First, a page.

1 December 2020

G W Lavender Esq
Chief Executive & Secretary Marylebone Cricket Club Lord’s Cricket Ground
St Johns Wood Road London

1 October 2020

Dear Mr Lavender

SGM: Member Requisition

Our Ref: JHC/vh/48264.54
Tel: 020 3375 7000
Fax: 020 3375 7408
Email: james.carleton@farrer.co.uk

By Email: guyw.lavender@mcc.org.uk

Thank you for sending through the form of purported Member’s requisition which contains the wording of the proposed Resolution being put forward by way of requisition of 180 Members under the banner MCC Together.

This letter sets out our advice to you and the MCC Committee on the form of resolution put forward and why it is not in a valid form that can be accepted by the MCC Committee and put to Members. As discussed, we have reviewed matters with Leading Counsel who has settled this letter.

The role of the MCC Committee

  1. The MCC’s Royal Charter and the Rules make it clear that the entire management and control of the property, funds and affairs of the Club is vested in the MCC Committee. The MCC Committee has therefore vested in it an original authority to act on behalf of the Club’s Members in accordance with the Rules (see paragraph 10 of the Royal Charter and Rule 13.1 of the Rules). In return, the Members are entitled to expect that the MCC Committee will run the Club in accordance with the terms of the Charter and Rules and that the procedures set out in the Royal Charter and the Rules will be followed.
  2. A power vested by the constitution of the MCC exclusively in the Committee cannot be effectively exercised, nor can its exercise by the MCC Committee be controlled or interfered

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1 October 2020

with, by an ordinary resolution of the Members. It would however be possible for the Members, by altering the Rules, to give directions to the MCC Committee. An alteration to the Rules is only possible if a Resolution is passed by a Special Majority (see Rule 29.1 and paragraph 2(g) of the Charter). Even if it could be argued that a resolution passed by Special Majority (that is to say by not less than two-thirds of the votes cast by Members entitled to vote) directing the MCC Committee how to act in a particular matter amounted to an ad hoc variation of the Rules (which is doubtful), that would only be possible if any such resolution was passed by Special Majority.

  1. If a resolution proposed by Members seeks to amend the Rules, it is important that the text of the proposed changes to the existing Rules is set out (or the text of the replacement Rules is set out). There is otherwise fundamental uncertainty as to the proposed changes which would invalidate the resolution.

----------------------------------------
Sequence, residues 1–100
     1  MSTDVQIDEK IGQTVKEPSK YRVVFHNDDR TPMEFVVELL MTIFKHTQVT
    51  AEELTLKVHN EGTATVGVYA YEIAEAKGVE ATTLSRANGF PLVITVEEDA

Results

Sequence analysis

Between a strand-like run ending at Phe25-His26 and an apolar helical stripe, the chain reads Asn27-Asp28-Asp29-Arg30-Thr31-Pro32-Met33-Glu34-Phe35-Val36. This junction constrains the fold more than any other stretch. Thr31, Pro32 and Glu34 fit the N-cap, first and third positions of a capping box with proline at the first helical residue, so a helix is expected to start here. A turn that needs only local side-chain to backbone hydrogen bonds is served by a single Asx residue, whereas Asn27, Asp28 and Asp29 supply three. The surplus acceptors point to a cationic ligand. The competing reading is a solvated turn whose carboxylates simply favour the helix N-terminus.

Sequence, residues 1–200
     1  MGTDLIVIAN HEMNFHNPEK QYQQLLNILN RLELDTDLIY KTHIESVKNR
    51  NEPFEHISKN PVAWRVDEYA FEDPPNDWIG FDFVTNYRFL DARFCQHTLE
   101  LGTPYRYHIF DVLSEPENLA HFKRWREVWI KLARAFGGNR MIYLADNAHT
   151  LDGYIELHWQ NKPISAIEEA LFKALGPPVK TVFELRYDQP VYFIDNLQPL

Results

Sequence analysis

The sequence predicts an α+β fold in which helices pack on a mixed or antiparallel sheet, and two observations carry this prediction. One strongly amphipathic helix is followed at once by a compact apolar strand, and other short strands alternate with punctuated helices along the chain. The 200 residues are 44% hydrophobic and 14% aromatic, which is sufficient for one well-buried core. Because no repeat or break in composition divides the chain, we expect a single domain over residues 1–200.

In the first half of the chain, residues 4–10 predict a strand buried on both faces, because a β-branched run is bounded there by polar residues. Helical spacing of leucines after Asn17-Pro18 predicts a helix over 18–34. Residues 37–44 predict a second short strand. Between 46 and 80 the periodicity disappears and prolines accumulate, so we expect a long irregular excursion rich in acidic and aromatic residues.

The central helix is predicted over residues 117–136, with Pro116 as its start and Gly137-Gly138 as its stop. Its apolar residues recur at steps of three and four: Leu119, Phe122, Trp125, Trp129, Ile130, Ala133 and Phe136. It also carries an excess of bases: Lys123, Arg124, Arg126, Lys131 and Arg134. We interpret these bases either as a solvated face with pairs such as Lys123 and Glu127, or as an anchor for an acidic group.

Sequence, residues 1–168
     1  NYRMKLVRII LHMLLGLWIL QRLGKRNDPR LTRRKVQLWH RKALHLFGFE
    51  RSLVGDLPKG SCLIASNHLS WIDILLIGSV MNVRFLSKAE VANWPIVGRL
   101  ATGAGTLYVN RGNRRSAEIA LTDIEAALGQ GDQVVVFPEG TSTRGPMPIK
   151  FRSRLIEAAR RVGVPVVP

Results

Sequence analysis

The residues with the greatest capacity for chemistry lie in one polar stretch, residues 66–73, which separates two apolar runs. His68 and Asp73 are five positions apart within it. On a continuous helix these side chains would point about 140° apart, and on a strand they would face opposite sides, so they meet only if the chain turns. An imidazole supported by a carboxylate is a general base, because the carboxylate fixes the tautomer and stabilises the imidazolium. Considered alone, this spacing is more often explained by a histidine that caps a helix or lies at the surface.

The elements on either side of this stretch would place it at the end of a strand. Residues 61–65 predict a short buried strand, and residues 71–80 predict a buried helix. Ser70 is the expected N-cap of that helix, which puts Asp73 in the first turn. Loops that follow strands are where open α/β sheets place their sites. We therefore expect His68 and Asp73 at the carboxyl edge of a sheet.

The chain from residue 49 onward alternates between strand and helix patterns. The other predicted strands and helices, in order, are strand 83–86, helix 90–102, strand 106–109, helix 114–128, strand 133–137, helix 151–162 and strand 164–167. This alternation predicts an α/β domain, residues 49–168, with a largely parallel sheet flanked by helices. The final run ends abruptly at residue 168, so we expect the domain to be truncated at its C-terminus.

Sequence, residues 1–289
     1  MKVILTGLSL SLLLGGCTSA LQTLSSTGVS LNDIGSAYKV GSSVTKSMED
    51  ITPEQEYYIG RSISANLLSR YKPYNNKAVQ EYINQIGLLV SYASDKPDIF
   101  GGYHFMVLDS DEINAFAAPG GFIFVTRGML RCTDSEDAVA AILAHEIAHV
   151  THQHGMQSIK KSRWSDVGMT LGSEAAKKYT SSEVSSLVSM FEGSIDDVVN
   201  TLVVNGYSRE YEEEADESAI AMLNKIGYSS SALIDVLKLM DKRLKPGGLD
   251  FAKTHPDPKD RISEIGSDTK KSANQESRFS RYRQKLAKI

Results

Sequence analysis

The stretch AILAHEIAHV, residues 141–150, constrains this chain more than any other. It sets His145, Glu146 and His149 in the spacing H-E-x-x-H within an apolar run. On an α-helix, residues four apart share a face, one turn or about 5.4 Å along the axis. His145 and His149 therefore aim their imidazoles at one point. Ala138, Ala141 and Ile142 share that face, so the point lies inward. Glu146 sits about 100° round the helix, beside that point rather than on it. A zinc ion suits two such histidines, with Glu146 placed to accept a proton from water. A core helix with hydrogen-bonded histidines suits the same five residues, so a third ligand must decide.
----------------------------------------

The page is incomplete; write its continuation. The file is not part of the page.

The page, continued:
2. The MCC Committee are required to call an SGM where all the requirements of Rules 21 and 22 have been met. This includes that any written requisition by Members to consider a Resolution sets out to the reasonable satisfaction of the MCC Committee the matters to be discussed at the meeting and the full text of any Resolutions to be proposed and if thought fit, passed at the meeting (see Rule 22.1 (iii)).

Form of Resolution received

5. The text of the resolution contained in the form of purported requisition, is worded as a single resolution (“the Resolution”) and is made up of a preamble and three parts, (a), (b) and (c).

For ease, we set out the wording in full below:

“To consider and, if thought fit, to approve the following Resolution:

Throughout its history the MCC has been a Member-controlled Club, with the majority of the MCC Committee directly elected by Members.

The MCC Committee is now seeking to remove this control, using the mechanism of the NomCo selection process, as laid out by the Committee in Item 9 of the Agenda for the 2020 AGM.

In these circumstances, this meeting resolves:

2 of 4 48264/54/4130-1960-5288.1

1 October 2020

  1. (a)  that MCC will, at all times, remain a Member-controlled Club with a clear majority of members of the MCC Committee directly elected by the membership as a whole.
  2. (b)  that the MCC Committee set up a Working Party comprising three MCC Committee members, three Members not at present on any committee, and an independent chairman who is not a member of a committee. This Working Party will have a six-month mandate to consider and recommend to Members governance changes that retain Members control over the affairs of the Club for adoption at the 2021 AGM.
  3. (c)  that if this Resolution is approved, the MCC Committee will implement it in full without delay.”
  1. The preamble to what appears to be a composite Resolution (made up of various parts) reflects the current status quo under the Rules and which may or may not be altered as a result of the SGM to be held on 15 October 2020 (albeit it remains, of course, the case that the MCC remains a Member controlled Club and will always remain a Member controlled Club as only the Members are able to alter the Rules to effect change in accordance with its constitution).